In recent years, SOARS research projects have ranged from studying how the 2020 California wildfires affected air quality to analyzing the relationship between adverse weather and traffic conditions. Each student is paired with a success coach, peer mentor, and individual mentors for research, writing, and computing.
“Unfortunately, many students and alumni say they never received the amount of support that they get in [the SOARS] program — not in school, not in their postsecondary education, and not in their jobs,” Thiero says.
The dedicated professionals at SOARS are not the only ones working to address this problem. In June 2020, a team of diverse geoscientists issued a national statement titled “A Call to Action for an Anti-Racist Science Community from Geoscientists of Color: Listen, Act, Lead.” The authors called on their community to join in the larger anti-racism movement and improve diversity in the field. The letter describes the exclusionary nature of the geosciences and urges “decisive actions that call on leaders in the academy, industry, state and federal government, professional societies, and the nonprofit sector to develop substantive and multi-pronged strategies to remove systemic racism in our community.” The authors urge individual organizations and agencies to take specific steps, such as asking that the National Oceanic and Atmospheric Administration deepen its engagement with and support of Minority-Serving Institutions (MSIs).
Some of these groups have made concrete efforts toward meeting the letter’s goals, according to Vernon Morris, its lead author and the director of the Arizona State University School of Mathematical and Natural Sciences. He recently told Science magazine that academic programs, however, have been the slowest to take measurable actions.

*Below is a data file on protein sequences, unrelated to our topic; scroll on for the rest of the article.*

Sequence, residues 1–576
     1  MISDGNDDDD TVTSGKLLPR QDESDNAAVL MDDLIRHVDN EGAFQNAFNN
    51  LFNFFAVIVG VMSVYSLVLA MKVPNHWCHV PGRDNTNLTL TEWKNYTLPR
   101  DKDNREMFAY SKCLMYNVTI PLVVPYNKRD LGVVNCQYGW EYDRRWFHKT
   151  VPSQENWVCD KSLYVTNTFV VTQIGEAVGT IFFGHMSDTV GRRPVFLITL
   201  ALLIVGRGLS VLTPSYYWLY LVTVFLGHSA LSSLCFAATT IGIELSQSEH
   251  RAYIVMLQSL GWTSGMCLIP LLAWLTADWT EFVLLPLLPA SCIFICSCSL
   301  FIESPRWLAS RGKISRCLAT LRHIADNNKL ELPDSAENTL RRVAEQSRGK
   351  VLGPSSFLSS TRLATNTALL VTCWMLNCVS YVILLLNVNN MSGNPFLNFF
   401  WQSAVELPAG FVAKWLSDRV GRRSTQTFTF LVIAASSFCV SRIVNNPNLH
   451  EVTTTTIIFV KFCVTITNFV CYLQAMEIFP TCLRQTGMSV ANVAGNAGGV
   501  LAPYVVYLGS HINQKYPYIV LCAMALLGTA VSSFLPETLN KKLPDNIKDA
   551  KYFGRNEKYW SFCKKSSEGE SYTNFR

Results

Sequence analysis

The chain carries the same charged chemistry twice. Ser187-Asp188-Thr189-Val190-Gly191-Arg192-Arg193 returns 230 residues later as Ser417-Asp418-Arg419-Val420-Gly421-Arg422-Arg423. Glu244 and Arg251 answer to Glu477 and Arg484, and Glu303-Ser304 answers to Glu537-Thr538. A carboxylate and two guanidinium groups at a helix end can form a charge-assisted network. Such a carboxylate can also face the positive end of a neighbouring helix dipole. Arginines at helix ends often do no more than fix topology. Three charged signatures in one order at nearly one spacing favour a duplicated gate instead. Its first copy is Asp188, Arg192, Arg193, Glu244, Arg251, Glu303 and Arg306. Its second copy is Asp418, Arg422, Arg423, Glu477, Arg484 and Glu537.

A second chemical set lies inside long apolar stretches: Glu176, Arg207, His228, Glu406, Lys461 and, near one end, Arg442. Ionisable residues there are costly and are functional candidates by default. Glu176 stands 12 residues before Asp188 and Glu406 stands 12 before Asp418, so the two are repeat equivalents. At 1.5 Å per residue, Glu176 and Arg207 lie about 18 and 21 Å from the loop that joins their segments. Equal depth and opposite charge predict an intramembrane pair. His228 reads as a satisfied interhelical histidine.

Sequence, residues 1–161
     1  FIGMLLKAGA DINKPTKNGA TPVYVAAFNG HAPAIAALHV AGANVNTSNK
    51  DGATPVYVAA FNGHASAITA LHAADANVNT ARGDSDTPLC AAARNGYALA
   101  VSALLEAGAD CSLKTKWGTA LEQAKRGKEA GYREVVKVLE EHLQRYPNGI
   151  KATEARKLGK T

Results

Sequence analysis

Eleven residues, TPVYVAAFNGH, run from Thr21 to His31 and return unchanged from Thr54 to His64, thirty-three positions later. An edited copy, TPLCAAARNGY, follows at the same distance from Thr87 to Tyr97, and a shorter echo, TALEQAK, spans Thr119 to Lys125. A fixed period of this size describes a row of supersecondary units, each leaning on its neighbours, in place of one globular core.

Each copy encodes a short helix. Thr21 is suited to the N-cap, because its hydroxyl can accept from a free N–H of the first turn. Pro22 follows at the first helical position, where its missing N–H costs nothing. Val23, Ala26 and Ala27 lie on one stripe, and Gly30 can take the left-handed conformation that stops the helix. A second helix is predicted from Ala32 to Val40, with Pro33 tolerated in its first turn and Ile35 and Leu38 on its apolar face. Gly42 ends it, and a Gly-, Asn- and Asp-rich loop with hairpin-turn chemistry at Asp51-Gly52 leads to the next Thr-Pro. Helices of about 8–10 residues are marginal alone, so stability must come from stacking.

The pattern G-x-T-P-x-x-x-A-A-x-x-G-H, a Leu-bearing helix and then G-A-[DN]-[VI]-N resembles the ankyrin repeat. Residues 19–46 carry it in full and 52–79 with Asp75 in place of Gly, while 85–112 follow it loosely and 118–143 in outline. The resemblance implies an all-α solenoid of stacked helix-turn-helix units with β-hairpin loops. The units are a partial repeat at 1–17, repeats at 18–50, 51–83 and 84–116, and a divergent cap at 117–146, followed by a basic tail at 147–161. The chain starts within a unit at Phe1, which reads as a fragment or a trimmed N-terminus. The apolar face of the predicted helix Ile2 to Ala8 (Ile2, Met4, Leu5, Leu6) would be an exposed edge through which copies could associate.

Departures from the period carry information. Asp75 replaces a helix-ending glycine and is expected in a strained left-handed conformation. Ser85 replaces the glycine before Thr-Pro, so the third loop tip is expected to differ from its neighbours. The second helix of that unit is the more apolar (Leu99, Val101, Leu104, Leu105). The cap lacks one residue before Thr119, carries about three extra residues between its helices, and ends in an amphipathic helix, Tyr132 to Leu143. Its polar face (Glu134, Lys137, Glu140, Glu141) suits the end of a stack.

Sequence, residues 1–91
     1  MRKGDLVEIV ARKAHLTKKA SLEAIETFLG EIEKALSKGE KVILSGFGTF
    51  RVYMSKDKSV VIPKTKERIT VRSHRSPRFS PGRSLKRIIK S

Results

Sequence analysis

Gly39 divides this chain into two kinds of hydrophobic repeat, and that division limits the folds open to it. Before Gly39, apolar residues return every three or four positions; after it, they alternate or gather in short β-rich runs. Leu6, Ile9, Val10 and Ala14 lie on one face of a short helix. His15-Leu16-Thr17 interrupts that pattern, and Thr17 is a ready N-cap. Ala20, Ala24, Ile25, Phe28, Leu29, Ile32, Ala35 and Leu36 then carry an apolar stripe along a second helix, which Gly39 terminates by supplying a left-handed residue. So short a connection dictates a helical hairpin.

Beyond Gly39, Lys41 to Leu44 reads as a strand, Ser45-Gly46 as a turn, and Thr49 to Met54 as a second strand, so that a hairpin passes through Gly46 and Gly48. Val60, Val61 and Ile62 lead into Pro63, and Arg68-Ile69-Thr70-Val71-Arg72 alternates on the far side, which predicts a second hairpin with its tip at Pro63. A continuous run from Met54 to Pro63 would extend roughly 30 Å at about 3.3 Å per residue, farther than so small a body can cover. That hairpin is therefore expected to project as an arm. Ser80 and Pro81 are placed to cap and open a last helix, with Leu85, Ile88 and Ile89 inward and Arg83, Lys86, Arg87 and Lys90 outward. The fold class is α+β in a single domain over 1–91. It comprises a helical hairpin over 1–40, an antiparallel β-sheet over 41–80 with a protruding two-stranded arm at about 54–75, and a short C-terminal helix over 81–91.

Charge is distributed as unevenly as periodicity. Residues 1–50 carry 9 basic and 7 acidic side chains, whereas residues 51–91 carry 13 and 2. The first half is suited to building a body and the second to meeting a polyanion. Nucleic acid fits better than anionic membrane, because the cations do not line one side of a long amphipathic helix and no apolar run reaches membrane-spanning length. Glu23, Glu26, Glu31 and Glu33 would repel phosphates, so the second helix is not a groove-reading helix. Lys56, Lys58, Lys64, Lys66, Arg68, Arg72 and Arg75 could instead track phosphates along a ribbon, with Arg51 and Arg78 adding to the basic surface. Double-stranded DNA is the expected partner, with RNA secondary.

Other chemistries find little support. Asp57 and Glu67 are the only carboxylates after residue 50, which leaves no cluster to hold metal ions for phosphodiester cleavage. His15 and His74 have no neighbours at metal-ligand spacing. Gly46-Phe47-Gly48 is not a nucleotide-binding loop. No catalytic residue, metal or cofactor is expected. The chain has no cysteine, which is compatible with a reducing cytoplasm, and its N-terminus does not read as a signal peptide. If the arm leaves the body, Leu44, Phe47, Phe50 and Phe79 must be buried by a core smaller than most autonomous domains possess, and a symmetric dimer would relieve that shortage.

As a former director of Howard University’s (HU) atmospheric science graduate program, Morris has advocated for federal agencies and universities to increase their investment in climate science programs at MSIs and historically Black colleges and universities. Such efforts are necessary to improve the severe underrepresentation of Black and Brown PhD holders who go on to become faculty and leaders in this field, he told Science.
Despite these persistent issues, progress is slowly being made. Between 2006 and 2018, HU graduated 17 Black PhDs in atmospheric science. At SOARS, 51 participants have gone on to earn doctorates, and 29 are currently enrolled in PhD programs. Encouraging students to see themselves as making a difference in climatology and letting them know they have the support of professionals in the field are some of the most effective ways to ensure they go forward with their studies, Thiero says.
“One of the things that SOARS and other programs do is to instill confidence and help [students] build their mentorship teams,” she explains, “because that type of support is not really seen elsewhere.”●
Lisa O’Malley is the assistant editor and Mariah Bohanon is the senior editor of INSIGHT Into Diversity.
This article was published in our September 2021 issue.